So as a developer and someone who was worked in the game industry for around eight years, I have been to a lot of expos and conventions in my time. I have exhibited in three different states in my home, Australia and been to many more events than I can count. One of the quirks about being a professional game developer is that the general public are interested in your knowledge and opinions, in much the same way as they are with authors or film industry types.
However, the one thing I have always personally missed out on has been going to events overseas. The world’s largest events usually take place in the US and China, being things like GDC, PAXs (Outside of PAX Aus) and Chinajoy. And of course, the juggernaut that is Gamescom, in Cologne, Germany. I have always been tied up with other work or it has been more economical to send other staff for events. We have had staff attend BitSummit in Japan and of course GDC in California, but in the end, I have always missed out.
This time I did not miss out. I went to Gamescom with a group of representatives of Australian developers, which helped a lot as when in an unfamiliar environment, having a few other people who are also figuring out how everything works as well means you inevitably share findings.
Being from a country like Australia, even our largest show is still quite small on a world stage and I was expecting to see a large event, but when I arrived at the Koelnmesse (the large exhibition centre where Gamescom is held), I was completely unprepared for the scale. I visited the B2B area first and made it around my first few appointments and then then went for a walk down to the consumer area, in the hope that it would be much quieter on the first day of the expo- a Tuesday and business-only day.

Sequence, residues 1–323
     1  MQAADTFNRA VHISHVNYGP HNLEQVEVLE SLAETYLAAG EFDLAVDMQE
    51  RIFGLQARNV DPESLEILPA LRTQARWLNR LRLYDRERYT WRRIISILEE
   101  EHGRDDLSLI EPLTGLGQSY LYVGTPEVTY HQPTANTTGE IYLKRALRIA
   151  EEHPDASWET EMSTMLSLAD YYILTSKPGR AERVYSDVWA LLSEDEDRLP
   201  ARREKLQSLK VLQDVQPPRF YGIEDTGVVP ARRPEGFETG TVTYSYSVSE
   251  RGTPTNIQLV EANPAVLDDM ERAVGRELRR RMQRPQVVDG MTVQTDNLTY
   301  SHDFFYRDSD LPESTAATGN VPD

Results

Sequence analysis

The event is huge and compared to what I had seen previously in Australia. I am used to exhibitors such as Riot Games bringing their own stadium seating for League of Legends live-tournaments, but even so, when vendors like PlayStation and UbiSoft are taking up a fair proportion of one of the Koelnmesse’s vast bays by themselves, then it is completely mind-blowing if you have not experienced anything on that scale before. The other thing that surprised me was the verticality of it all. The gargantuan screens and displays with FIFA or the latest racing game were so very present. Even as a seasoned expo-goer, I found it challenging to get used to the level of scensory input going on.
Gamescom offers an amazing B2B experience. I have not seen such an accessible and well-presented forum of developers, publishers, vendors, hardware suppliers, distributors and related industry elsewhere. I would recommend it to any smaller developer to make the trip, but make sure you get some contacts first and book your appointments- trying to do things at the last minute ahead of busy schedules does present a significant additional challenge. I would also recommend scouting for a convenient meeting area if one is available, even booking in a hotel (several are literally across the road from the venue) if necessary, although this would provide an additional expense.
Lastly, if you have decided to go, book as early as possible. The businesses and consumers going to the event will snap up just about every hotel room and book out restaurants and clubs near the Koelmesse. Plan early and be prepared to invest in your attendance at the event.
My experience at Gamescom was certainly eye-opening and I am sure I would run the experience differently next time. I made a lot of new business contacts and have opened up the dialogue which now gives my business some significant new options as we grow. If I was to go again, I now know where to go and what to do and look forward to an increased Australian presence at the event.
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